A Complex Poet of Wide Range
Thylias Rebecca Brasier Moss, who was born in Cleveland, Ohio, in 1954, has been hailed by the poet Charles Simic as “a major figure in contemporary American poetry.” Part of the reason for Moss’s steadily growing reputation as a poet and for her steadily growing audience is the unusually wide range of formal styles, voices, and subject matters that make up the poems in her books. Although Moss was once considered by critics and by fellow poets such as Marilyn Hacker as primarily an angry and defiant poet whose creativity stemmed from her bitterness over the oppression of African Americans, women, and members of the working class, Moss’s poetry is by no means composed strictly of hostile statements about what Hacker called “the black truths behind white lies.” Moss’s fourth book, Rainbow Remnants in Rock Bottom Ghetto Sky, which was selected by Simic for the National Poetry Series, particularly reveals her wide emotional range. Moss’s poetry embraces love, friendship, and visionary and religious experiences, as well as the political themes found in such poems as “Lunch Counter Poem,” which reflects Moss’s memories of the struggle endured by African Americans to achieve civil rights through the protest movement of the 1950’s and 1960’s.
Moss believes that her poetry has gained in technical control since her first book, Hosiery Seams on a Bowlegged Woman, appeared in 1983. She was not yet thirty and had only recently graduated from the University of New Hampshire’s master’s degree program in English. Her work expresses a sense of personal hopefulness and exuberance while remaining sensitive to the difficulties of maintaining this optimism as an African American living in a country with a painful history of racial conflict. Moss’s optimism about life, the sanctity she finds in everyday experiences, and her feeling for community and for continuity between familial generations stem from her often delightful and nurturing experiences as a child. Moss grew up in what literary scholar Gerri Bates has described as “a stable, working-class environment in Cleveland.” Her mother was a maid, and her father worked for a tire company. Moss’s affection for her mother caused her to dedicate her third book, the National Book Critics Circle Award nominee Pyramid of Bone, to a woman who, Moss writes, “made it to the dean’s list of preferred housekeepers; she is a maid of honor.”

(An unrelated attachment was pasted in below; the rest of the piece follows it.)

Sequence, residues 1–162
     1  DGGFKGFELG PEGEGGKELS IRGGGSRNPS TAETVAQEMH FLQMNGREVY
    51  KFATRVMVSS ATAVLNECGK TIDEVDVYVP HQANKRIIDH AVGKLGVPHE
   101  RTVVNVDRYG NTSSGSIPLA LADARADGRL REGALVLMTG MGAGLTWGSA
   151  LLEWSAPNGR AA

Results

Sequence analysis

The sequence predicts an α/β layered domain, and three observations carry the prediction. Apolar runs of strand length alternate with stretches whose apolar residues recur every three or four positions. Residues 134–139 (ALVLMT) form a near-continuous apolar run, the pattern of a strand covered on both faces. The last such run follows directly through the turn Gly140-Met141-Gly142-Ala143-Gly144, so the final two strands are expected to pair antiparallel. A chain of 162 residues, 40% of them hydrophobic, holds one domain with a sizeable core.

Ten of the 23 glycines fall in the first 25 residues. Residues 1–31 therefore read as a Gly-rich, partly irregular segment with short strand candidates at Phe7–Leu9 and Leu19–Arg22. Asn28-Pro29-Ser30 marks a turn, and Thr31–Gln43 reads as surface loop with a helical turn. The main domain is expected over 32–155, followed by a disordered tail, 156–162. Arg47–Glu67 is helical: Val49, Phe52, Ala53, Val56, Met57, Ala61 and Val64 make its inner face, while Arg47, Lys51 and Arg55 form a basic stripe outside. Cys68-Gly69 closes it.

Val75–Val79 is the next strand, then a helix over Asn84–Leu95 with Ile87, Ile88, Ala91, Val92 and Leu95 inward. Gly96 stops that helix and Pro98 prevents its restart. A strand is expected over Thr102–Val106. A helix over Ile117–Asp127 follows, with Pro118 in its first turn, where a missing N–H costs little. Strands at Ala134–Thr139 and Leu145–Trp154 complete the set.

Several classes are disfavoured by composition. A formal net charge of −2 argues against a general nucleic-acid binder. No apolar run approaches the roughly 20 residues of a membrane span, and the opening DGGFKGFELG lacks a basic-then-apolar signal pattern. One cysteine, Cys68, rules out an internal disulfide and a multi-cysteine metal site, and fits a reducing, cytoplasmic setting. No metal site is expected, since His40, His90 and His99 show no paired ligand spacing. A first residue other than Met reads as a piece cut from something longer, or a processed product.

Mother and Daughter
Moss’s sensitivity to the depth and complexities of the relationship between mother and daughter is especially poignant in the poem that opens Pyramid of Bone, “One for All Newborns.” While the poem’s speaker relishes the joy and hopefulness of a new birth (“Everything about it was wonderful”), this poem also reflects Moss’s awareness as a mother of her own children that tensions inevitably surround the mother-daughter relationship, especially as the daughter reaches toward her own maturity. In the poem, the speaker realizes that her personal growth implies her mother’s loss of unquestioned authority:
Then the dark succession of constricting years,mother competing with daughter for beauty and losing,varicose veins and hot water bottles, joy boiled away.................and the less familiar gait of grown progeny.
The poet is here dealing with a memory of conflict with her mother, but later in the poem Moss hints that this memory was precipitated by her feelings of sadness and guilt over her mother’s recent death. On a delayed flight home to her own daughter, Moss begins to feel remorse that she did not treat her mother as well as she might have: “I am now at the age where I must begin to pay/ for the way I treated my mother. My daughter is just like me.” The last three lines shift the poem’s terms away from Moss’s relationship to her mother and toward her relationship to “another parent”:
I treated God badly also; he is another parentwatching his kids through a window, eager to be proud of his creation, looking...
(The entire section is 3,695 words.)